A complainant challenged whether the ad by Opodo (www.opodo.co.uk) was misleading. The prices displayed included a pre-applied discount that did not take third party fees into account, especially for those paying via Entropay, a pre-paid visa card.
Opodo Ltd said their aim was to offer consumers the best travel and flight availability and the most competitive prices. They said, to their price-sensitive customers, what mattered most was the best price for the flights on offer. Opodo believed that the pricing was open and transparent and instantly told consumers what the full and final price was for each flight that matched their chosen criteria.
Finally, the final price to be paid by consumers comprised the cost of the flight, taxes, Opodo’s service charge and the cost of the payment method.
The search facility on the homepage offered consumers the ability to specify the payment method or to ask to see the cheapest payment method. By default, only four fields are shown: destination, dates, passenger age and payment method, with an additional option to tick for direct flights and another to extend their search criteria.
The online travel agent (OTA) added that the reason payment method was one of the four search criteria was so that consumers could be certain as to the final price they would have to pay for every flight that corresponded with their search criteria.
Opodo did accept that there was a possibility that the “Cheapest method” claim could mislead and the ASA welcomed the OTA’s willingness to make changes to their advertising.
This cheapest option did not take third party fees into account. The cheapest option was, at times, was to use an Entropay card. This is a virtual visa card has had to be loaded with funds before use. The fee for this varied between 3.95 and 4.95%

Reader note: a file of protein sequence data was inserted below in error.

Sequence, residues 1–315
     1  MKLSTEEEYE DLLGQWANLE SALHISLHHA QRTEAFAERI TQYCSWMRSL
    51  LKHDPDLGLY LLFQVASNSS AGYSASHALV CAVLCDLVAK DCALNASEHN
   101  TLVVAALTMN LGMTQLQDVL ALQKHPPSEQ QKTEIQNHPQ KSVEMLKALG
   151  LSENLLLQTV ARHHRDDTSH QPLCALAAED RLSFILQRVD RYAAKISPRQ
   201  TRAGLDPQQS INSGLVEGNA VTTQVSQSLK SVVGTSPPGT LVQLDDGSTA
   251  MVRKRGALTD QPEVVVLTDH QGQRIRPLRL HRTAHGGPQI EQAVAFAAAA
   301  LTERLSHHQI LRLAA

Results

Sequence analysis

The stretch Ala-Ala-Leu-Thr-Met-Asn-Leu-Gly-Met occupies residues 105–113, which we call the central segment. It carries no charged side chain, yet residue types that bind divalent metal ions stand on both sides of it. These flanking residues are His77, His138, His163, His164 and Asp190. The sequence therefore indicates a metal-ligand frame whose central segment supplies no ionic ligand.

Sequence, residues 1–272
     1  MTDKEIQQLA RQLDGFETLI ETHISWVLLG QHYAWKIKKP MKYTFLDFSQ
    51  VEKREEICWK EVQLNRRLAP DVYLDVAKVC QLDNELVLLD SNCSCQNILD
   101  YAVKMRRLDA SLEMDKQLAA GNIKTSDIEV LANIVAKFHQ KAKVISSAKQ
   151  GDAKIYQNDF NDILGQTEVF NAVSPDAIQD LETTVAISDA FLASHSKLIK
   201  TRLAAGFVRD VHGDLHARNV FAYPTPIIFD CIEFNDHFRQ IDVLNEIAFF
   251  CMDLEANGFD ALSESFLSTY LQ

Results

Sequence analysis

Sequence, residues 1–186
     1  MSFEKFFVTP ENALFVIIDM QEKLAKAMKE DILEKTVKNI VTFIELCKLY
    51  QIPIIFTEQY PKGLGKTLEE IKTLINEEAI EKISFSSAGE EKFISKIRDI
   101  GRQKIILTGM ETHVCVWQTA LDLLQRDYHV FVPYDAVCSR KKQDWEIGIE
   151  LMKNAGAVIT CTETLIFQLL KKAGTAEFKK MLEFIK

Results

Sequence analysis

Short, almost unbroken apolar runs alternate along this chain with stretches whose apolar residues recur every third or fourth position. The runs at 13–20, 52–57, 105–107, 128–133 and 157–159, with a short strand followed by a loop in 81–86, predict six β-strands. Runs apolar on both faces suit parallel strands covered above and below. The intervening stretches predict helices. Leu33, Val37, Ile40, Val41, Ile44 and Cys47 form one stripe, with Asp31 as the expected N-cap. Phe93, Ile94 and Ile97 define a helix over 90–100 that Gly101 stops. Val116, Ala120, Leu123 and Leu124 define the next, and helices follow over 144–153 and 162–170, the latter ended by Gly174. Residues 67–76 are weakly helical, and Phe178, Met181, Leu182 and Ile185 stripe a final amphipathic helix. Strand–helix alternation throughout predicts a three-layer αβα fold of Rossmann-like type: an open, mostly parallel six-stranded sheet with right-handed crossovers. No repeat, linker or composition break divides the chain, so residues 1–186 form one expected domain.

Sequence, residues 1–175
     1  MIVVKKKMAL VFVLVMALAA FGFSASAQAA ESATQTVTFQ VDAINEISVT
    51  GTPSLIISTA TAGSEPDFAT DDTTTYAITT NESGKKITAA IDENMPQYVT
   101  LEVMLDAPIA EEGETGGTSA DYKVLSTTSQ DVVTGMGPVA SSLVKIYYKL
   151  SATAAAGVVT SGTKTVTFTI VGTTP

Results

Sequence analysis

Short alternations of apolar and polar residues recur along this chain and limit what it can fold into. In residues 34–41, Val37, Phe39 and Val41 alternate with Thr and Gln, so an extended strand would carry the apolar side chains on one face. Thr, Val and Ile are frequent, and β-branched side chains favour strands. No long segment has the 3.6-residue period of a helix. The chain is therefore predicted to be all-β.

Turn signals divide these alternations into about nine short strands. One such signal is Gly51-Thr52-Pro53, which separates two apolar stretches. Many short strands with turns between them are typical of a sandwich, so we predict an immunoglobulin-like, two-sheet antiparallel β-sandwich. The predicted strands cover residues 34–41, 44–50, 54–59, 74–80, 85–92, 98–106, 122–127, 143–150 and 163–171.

The ASA felt that consumers need to know that they would be charged for pre-loading the card, and how much that charge would be. However, no information about the rate payable amount of the fees was presented either on the home page or on the results page. The ASA considered that the omission of Entropay’s fees was likely to mislead consumers as there were instances where adding the Entropay fee onto the total price would mean that it would not be the cheapest payment option for the consumer.
As the charges for pre-loading the card meant that, in effect, it was not the cheapest payment method in those instances, the ASA considered that the claim “Cheapest method” was misleading.
It ruled the ad breached CAP Code (Edition 12) rules 3.1, 3.3 and 3.4.3 (Misleading advertising), 3.9 (Qualification), and 3.17 and 3.19 (Prices).
The ad must not appear again in its current form. Opodo Ltd must ensure that they did not claim that the Entropay payment method was the cheapest if that was not the case, and to ensure that they did not omit material information relating to fees associated with the Entropay payment method from their ads.